2. He introduces entrepeneurship. Borrowing limitations to engage in business projects and more volatile income for entrepeneurs make them likelier to save more -- which helps his model generate more inequality;
    3. He talks about a stationnary distribution: this is a dynamic model, but there exists a point where the distribution of people in terms of wealth no longer changes. Individuals move across wealth classes, but the distribution is unchanged. This is the point for which he solves and simulate the model.

    The reason this is so interesting is that it offers a possible explanation of inequalities. Moreover, with that kind of model, you can answer a very deep question: suppose I introduce a policy to encourage entrepreneurship, what happens? What we do is: solve the model before the policy, after the policy and, then, force a transition between both solutions. All economic models use preferences: households rank different sequences of consumption and leisure and, given the constraints they face, they pick the best feasible sequence. So, if I have a transition simulation and a no transition simulation, I can aks who would prefer the transition and who would not. All you have to do is pick any type of household in the model. Then, in the no-transition case, you find what is the constant fraction of consumption you would need to give or take away from it so that he is exactly indifferent between the transition and no-transition cases... If you do this for everyone, you have put a dynamically consistent price on the transition for every single type of household -- in other words, you can answer the question who benefits, who looses and who doesn't care.

    How about we pick another topic?

    https://www.newyorkfed.org/medialibrary/...

    That is a paper by Eggertsson on the topic of the zero lower bound. You will not understand every detail, but Eggertsson shows what happens in a simple dynamic model graphically. Basically, in modern DSGE models, if you assume central banks do nothing, you CAN consistently get extremely puzzling results. For instance, technological progress worsens the recession, tax breaks can worsen the recession, wide spread desires to save can make aggregate savings fall, wide spread desires to work more can worsen the recession.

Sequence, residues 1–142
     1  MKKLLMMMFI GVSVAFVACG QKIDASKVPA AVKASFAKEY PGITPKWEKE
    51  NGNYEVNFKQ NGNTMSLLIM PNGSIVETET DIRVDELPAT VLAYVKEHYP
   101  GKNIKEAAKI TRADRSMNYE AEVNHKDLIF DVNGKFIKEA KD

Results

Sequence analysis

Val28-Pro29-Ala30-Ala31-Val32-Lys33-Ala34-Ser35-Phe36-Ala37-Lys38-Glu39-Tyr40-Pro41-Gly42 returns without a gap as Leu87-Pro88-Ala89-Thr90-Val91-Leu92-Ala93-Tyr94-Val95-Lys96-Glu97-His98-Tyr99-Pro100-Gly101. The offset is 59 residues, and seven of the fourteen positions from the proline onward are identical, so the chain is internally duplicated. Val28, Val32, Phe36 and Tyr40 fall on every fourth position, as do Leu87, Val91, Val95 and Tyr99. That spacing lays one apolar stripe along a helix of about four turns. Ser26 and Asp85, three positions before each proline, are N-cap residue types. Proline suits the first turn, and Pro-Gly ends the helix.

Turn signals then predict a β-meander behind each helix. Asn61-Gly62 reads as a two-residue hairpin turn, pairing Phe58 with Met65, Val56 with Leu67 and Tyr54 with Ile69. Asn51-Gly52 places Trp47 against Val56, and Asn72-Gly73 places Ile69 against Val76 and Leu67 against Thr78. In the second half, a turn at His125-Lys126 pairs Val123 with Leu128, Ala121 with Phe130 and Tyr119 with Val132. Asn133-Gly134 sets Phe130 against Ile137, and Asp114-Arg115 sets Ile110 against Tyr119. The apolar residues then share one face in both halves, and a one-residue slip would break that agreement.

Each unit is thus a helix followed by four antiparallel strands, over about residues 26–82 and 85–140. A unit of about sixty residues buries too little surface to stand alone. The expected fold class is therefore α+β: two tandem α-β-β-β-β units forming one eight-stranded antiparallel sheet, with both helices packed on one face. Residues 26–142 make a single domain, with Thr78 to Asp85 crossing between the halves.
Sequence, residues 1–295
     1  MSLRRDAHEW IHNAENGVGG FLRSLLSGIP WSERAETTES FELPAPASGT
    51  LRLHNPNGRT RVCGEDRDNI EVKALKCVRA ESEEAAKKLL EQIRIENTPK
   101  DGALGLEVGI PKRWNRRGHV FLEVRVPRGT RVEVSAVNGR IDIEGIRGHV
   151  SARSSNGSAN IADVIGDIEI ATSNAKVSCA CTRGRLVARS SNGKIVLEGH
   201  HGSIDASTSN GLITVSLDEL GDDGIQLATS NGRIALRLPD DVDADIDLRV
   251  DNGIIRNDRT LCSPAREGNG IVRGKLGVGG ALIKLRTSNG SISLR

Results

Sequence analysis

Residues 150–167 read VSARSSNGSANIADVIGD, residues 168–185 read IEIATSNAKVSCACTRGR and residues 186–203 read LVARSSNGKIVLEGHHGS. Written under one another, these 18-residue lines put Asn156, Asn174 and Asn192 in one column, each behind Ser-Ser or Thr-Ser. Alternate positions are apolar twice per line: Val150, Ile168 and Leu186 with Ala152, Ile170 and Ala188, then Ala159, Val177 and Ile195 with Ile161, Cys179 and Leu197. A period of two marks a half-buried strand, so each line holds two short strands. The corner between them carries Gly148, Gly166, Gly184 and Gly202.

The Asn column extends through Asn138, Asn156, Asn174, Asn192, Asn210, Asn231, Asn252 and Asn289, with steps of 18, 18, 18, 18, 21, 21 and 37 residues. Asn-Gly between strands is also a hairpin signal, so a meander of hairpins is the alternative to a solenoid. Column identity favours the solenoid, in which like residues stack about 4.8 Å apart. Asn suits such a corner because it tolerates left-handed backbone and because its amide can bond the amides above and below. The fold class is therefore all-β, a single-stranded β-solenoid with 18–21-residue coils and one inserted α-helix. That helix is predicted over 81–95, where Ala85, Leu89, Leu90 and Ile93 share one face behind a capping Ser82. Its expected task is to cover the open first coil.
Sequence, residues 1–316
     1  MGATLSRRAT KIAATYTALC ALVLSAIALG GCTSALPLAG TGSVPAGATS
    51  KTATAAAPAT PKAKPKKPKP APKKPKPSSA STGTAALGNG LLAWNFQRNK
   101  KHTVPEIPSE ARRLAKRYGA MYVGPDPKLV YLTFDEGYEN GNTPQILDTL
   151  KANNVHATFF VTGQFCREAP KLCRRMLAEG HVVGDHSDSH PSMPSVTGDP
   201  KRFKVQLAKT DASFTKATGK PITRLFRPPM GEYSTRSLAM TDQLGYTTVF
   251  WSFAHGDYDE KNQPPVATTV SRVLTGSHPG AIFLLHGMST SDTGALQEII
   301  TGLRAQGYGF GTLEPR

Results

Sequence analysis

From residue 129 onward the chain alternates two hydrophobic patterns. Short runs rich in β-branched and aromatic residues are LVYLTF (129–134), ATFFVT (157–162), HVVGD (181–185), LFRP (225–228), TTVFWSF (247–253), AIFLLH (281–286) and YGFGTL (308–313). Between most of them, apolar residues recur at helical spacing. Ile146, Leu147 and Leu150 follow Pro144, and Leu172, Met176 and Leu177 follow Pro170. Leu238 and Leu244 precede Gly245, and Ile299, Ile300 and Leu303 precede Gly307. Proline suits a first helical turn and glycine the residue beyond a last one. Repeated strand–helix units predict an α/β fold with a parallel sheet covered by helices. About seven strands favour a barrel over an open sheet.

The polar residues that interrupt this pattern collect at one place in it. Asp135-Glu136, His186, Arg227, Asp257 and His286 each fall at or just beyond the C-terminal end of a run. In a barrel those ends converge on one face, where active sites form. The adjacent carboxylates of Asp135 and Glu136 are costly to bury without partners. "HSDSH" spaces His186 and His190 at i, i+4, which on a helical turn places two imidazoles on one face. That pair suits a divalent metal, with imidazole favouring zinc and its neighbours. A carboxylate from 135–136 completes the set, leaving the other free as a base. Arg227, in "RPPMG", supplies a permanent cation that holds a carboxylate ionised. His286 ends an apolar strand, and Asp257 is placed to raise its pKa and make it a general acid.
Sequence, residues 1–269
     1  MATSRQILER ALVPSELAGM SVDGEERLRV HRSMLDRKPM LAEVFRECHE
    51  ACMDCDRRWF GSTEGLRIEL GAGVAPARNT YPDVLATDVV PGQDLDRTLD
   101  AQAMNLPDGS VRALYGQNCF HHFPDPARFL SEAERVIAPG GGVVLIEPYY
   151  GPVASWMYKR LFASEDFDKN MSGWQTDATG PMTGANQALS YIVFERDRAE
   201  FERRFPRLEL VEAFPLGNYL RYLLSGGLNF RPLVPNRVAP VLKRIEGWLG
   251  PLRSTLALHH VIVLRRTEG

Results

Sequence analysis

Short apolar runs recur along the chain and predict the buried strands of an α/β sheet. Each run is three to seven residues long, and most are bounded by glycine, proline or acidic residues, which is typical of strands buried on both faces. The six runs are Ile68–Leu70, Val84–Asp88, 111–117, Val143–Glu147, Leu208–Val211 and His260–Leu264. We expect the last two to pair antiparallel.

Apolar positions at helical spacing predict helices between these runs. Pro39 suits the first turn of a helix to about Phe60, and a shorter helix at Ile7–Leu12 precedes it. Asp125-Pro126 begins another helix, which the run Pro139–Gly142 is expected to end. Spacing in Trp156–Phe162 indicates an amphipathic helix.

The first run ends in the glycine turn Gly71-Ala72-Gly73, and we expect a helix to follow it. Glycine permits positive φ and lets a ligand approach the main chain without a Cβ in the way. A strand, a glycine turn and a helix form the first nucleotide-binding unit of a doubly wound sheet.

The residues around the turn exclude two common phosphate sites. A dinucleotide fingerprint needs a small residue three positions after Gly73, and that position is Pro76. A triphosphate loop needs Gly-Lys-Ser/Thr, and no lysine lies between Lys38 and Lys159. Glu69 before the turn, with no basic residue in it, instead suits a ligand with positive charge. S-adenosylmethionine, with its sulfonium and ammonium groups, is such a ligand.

Of course, you need specific conditions to make it work -- but I like his article because he keeps things simple and tells you how and why each curves move.
    4 answers · 1 week ago
  • Can someone explain this statement "If gas prices decrease then the demand tends to rise."?

    Best answer: We in Economics would say "the quantity demanded" rises. Just following along on a typical demand curve.

    You can just think of it like if something goes on sale. People are more likely to buy something on sale, or more of something on sale.
    Best answer: We in Economics would say "the quantity demanded" rises. Just following along on a typical demand curve.

    You can just think of it like if something goes on sale. People are more likely to buy something on sale, or more of something on sale.
    8 answers · 2 weeks ago
  • Should food, healthcare, housing and education be made affordable for all?

    Best answer: Slavery has been made illegal in America.So since you are making the food, health, real estate and education industries non-viable - that is they can no longer support themselves, who will be left to pay for all this "free" stuff? I'll guarantee you that if the government dictates how much I can... show more
    Best answer: Slavery has been made illegal in America.So since you are making the food, health, real estate and education industries non-viable - that is they can no longer support themselves, who will be left to pay for all this "free" stuff? I'll guarantee you that if the government dictates how much I can charge for my rentals I will sell them so there will be fewer rentals available.
    9 answers · 2 weeks ago
  • Will Trump's Tariffs and the Republican policy of "flooding the market" and ignoring the Paradox of Thrift cause another Recession?

    Best answer: Guys, we are in a war.
    Best answer: Guys, we are in a war.
    5 answers · 2 weeks ago